Our long history is written by all ethnic groups.  As early as the Qin era, our country gradually formed into an amalgamated configuration from a nucleus coalesced from the Hua-Xia people under Emperor Yan and the Yellow Emperor, and the “peoples of five directions” sharing Tianxia [VHM:  "All-Under-Heaven"].  Qin’s standardization of written script, carriage axle-lengths, weights and measures, and customs and values, launched the process of development of China’s unified multi-national state. After that, no matter what minzu came into the Central Plain to live, all saw unifying Tianxia as their duty, and all considered themselves orthodox in Chinese cultural terms.  If divided like the Southern and Northern Dynasties, they all bragged that they were Chinese orthodox (Zhonghua zhengtong).  If in mutual confrontation, like Song, Liao, Xixia (Tangut) and Jin, all were called Tabghach [i.e., all were called “China” by outsiders].  When unified like Qin and Han, Sui and Tang, Yuan, Ming and Qing, it was even more a case of “customs and civilization in the Six Directions are all as one, laws and decrees apply uniformly across the Nine Divisions.”  The heroic style of Qin and Han, the vital spirit of Great Tang, the prosperous age of Kangxi and Qianlong emperors [of the Qing] were all history collectively forged by every minzu.  Today, in realizing the China Dream, we must closely rely on the strength of the people of every minzu.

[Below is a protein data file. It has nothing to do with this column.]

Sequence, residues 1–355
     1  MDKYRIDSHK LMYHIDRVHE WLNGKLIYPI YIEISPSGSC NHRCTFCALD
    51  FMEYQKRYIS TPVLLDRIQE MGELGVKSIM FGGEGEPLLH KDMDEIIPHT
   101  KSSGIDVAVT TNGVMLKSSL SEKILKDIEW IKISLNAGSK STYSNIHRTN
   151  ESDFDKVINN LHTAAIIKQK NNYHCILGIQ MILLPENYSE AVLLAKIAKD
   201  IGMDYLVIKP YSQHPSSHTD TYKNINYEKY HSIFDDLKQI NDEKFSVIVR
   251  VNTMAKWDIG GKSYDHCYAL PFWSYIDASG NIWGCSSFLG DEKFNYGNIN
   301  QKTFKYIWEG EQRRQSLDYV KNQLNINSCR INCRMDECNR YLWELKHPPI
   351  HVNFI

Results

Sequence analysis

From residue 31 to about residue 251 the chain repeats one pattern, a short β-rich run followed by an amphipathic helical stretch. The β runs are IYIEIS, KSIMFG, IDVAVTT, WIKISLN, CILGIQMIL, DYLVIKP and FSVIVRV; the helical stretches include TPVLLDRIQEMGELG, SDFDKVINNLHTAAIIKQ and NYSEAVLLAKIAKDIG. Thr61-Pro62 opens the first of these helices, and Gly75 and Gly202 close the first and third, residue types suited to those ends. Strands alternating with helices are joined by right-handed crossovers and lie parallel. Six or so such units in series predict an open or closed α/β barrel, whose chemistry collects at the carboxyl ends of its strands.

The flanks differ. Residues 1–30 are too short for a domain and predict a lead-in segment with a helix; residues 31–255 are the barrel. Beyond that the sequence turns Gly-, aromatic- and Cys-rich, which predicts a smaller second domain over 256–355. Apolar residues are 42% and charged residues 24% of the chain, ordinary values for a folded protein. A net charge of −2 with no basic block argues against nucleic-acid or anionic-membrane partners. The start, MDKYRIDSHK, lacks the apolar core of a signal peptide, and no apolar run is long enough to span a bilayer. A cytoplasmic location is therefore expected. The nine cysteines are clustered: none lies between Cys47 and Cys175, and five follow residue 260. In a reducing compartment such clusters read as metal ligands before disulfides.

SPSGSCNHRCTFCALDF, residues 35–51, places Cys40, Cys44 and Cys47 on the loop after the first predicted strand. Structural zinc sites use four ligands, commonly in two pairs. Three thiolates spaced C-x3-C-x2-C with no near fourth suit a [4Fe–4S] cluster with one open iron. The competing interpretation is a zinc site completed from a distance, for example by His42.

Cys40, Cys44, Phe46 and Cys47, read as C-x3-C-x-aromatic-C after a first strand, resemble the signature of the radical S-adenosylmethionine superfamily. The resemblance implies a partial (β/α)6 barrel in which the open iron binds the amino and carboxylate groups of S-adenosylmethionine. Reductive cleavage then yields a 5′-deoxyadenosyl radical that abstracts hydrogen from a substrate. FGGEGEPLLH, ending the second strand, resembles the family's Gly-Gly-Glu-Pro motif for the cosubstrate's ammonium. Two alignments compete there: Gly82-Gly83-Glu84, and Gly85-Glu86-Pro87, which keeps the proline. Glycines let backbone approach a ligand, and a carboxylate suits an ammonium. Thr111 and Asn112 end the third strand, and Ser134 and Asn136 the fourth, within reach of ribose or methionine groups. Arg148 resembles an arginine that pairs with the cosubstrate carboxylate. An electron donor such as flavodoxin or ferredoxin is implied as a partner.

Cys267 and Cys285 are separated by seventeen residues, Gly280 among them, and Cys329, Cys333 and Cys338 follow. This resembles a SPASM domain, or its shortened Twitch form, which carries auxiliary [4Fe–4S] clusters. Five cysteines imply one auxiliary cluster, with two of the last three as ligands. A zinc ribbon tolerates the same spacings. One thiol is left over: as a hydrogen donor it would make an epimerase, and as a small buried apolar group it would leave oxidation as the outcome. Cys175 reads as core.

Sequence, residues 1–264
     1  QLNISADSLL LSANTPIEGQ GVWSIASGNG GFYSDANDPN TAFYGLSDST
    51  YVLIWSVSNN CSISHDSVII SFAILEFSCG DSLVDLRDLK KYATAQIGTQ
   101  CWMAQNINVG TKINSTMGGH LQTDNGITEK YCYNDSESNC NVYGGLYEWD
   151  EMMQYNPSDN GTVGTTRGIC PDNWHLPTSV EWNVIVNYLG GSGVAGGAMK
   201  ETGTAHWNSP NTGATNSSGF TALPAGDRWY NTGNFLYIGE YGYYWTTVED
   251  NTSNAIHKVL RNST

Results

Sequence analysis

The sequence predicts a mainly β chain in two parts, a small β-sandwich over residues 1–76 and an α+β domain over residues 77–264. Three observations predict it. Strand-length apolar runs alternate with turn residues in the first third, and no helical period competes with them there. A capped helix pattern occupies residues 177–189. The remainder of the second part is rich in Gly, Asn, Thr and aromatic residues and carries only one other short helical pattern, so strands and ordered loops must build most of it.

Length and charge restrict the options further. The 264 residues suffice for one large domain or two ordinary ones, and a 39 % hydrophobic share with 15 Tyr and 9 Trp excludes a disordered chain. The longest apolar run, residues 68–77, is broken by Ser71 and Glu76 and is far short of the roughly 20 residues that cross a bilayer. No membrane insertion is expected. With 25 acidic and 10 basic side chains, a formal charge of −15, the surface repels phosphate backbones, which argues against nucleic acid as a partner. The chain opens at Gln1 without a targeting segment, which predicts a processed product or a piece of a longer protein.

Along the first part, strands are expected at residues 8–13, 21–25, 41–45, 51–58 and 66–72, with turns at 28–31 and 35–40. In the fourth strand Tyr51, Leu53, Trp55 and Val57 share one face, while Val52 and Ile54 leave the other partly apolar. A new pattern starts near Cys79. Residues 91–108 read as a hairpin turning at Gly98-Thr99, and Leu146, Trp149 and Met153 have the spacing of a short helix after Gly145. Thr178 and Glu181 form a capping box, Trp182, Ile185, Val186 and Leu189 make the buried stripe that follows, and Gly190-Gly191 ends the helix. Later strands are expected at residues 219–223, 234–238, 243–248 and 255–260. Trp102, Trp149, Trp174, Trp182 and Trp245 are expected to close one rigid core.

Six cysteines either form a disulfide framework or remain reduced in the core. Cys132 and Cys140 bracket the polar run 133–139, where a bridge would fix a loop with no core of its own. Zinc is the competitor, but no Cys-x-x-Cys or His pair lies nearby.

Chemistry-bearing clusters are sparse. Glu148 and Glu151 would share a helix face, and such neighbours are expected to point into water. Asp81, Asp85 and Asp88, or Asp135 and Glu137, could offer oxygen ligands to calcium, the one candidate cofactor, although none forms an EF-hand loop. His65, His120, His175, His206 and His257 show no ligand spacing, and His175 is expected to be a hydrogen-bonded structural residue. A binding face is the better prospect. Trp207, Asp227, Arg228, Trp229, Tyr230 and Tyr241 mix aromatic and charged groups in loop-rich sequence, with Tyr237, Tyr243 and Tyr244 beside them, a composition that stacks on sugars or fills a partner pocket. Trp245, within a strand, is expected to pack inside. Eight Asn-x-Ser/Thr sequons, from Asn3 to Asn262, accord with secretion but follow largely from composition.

[VHM:  Note that Millward leaves mínzú 民族 untranslated.  It can mean lots of things:  nation, nationality, people, ethnic group, race, volk.  Since these are all touchy terms, it is understandable why the translator would shy away from them.  See the "Selected readings" for in-depth discussions of mínzú 民族.]

There were a number of on-line articles explaining the quotes and allusions in this speech of Xi's, and one of the things they explained was "taohuashi".  This Chinese wiki about it states in its first line that the name "taohuashi" is Old Turkic and mentions three theories about the origins of the word Tabghach, which as you know came to be used in a generic sense for "China" in such places as the Orkhon [Old Turkic] inscriptions and even a Byzantine text.  I still haven't figured out how to use the medieval and ancient Chinese pronunciation dictionaries — are there online versions now?  I really should, but in the meanwhile, what do you think of the etymologies linking Tabghach to "Táng jiā 唐家" or “Dà Hàn 大汉”?  I am suspicious of both, since they seem so sino-centric and apparently phonetically distant from Tabghach.  I don't know the Tang or pre-Tang pronunciation of tuòbá 拓跋; but seemingly you'd need a metathesis to get the labial b before the alveolar (or further back) g / k/ kh.  I don't know how probable that is.